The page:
Thanked by 2Linkhost sithrebel15
    • mehrdadali14mehrdadali14 Member without signature

      we already have lot of client from UK, USA , ...

      Thanked by 1inthecloudblog
    • unknownbulletunknownbullet Member
      edited October 2017

      @mehrdadali14 said:

      @FoxelVox said:

      @mehrdadali14 said:
      dear
      Intel Xeon E5 2630v4 (10 x 2.20 GHz) with 128 GB ram and 2x2 TB Disk for 190$

      provider tag? gtfo

      EU based Data center

      Awesome Client :/

      72284 bits? Transferred? :/

      That's not a lot of data for a lot of clients.

      Thanked by 1Clouvider
    • @unknownbullet said:

      @mehrdadali14 said:

      @FoxelVox said:

      @mehrdadali14 said:
      dear
      Intel Xeon E5 2630v4 (10 x 2.20 GHz) with 128 GB ram and 2x2 TB Disk for 190$

      provider tag? gtfo

      EU based Data center

      Awesome Client :/

      72284 bits? Transferred? :/

      That's not a lot of data for a lot of clients.

      Every summerhost ever.

      Thanked by 1sithrebel15
    • I think you should consider co-location... Additionally you could go with AMD Eypc processors and get what your looking for at a lower start up cost single socket.

    • mehrdadali14mehrdadali14 Member without signature

      thats not live

    • exception0x876exception0x876 Member, Provider

      @mehrdadali14 said:
      dear
      Intel Xeon E5 2630v4 (10 x 2.20 GHz) with 128 GB ram and 2x2 TB Disk for 190$

      contabo?

      8-core VPS for $11.99/mo, 32GB RAM VPS for $15.99/mo - wishosting.com

      Affiliate program

    • @AlexBarakov said:
      We offer dual E5s in his budget. Problem is that he wants Dual E5s with 12 cores each, 24 cores in the dual config with 48 threads. I did offer Dual Octa core E5s near his budget, with the required config, however was informed that the core count is too small.

      Frankly, I think getting that deal isn't worth the trouble it creates. If he insists on 24 cores, oh well, then he'll have to pay for that and from what I see he will pay dearly.

      @sureiam said:
      I think you should consider co-location... Additionally you could go with AMD Eypc processors and get what your looking for at a lower start up cost single socket.

      Too expensive and not needed. A threadripper will do.

      I'm amazed btw to not read a lot more about threadripper here. 32 cores and relatively cheap at that, massive bandwidth both in terms of memory and of pcie sounds like a nice basis for VPSs.
      But I guess the crowd is waiting for supermicro, hp, and dell offering such machines.

      My favourite prime number is 42. - \forall cpu in {intel, amd, arm}: cpu->speed -= cpu->speed/100 x irandom(15, 30) | state := hacked

    • antonpaantonpa Member, Provider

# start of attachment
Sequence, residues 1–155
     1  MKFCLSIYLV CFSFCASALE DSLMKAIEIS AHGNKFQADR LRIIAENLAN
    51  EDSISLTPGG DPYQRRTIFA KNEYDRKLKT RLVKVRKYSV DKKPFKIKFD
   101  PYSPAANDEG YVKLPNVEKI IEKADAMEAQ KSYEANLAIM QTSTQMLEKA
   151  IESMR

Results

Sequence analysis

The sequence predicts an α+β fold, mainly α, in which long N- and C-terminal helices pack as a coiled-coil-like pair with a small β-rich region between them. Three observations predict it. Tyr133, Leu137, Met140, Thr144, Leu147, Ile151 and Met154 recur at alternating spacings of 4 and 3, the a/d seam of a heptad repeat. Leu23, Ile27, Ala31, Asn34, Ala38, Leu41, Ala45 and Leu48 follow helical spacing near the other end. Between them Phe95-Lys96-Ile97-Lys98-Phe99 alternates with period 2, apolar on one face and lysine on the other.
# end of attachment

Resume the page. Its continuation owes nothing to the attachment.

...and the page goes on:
edited October 2017

      So any another offers for 48 threads / 64GB RAM / 2x1Tb / 1Gbit shared ?
      I need best prices budget up to 200 USD its a maximum, because we can setup
      2 x Intel Xeon E5-2651 V2 1.8Ghz 30 МБ 12-cores / 64 / 2x1000 / 1Gbit shared this configs in our Datacenter by this price. Or no any lowend offers on this forum?

      Telegram: JustHostBot | Skype justhostru

      JustHost.ru - fastest KVM SSD VPS

    • ClouviderClouvider Member, Provider
      edited October 2017

      @antonpa said:
      So any another offers for 48 threads / 64GB RAM / 2x1Tb / 1Gbit shared ?
      I need best prices budget up to 200 USD its a maximum, because we can setup
      2 x Intel Xeon E5-2651 V2 1.8Ghz 30 МБ 12-cores / 64 / 2x1000 / 1Gbit shared this configs in our Datacenter by this price. Or no any lowend offers on this forum?

      You’re just not giving up do you ?

      If you can do it for you at this price then I guess it’s the best you’ll get.

      I don’t see anyone forthcoming to sponsor the cost of delivering this service.

      Clouvider Leading UK Cloud Hosting solution provider || UK Dedicated Servers Sale || Tasty KVM Slices || Latest LET Offer

      Web hosting in Cloud | SSD & SAS True Cloud VPS on OnApp | Private Cloud | Dedicated Servers | Colocation | Managed Services

    • @antonpa said:
      So any another offers for 48 threads / 64GB RAM / 2x1Tb / 1Gbit shared ?
      I need best prices budget up to 200 USD its a maximum, because we can setup
      2 x Intel Xeon E5-2651 V2 1.8Ghz 30 МБ 12-cores / 64 / 2x1000 / 1Gbit shared this configs in our Datacenter by this price. Or no any lowend offers on this forum?

      You're asking for lowend offers on this forum, as well as you're asking for
      dual E5 48threads.

      I'd suggest you some single core, 1GB RAM VM's from Clouvider, mikho etc.
      That's lowend.

    • @antonpa said:
      So any another offers for 48 threads / 64GB RAM / 2x1Tb / 1Gbit shared ?
      I need best prices budget up to 200 USD its a maximum, because we can setup
      2 x Intel Xeon E5-2651 V2 1.8Ghz 30 МБ 12-cores / 64 / 2x1000 / 1Gbit shared this configs in our Datacenter by this price. Or no any lowend offers on this forum?

      So, taking the old formula of core count times core speed, you're at 43.2 ghzcores.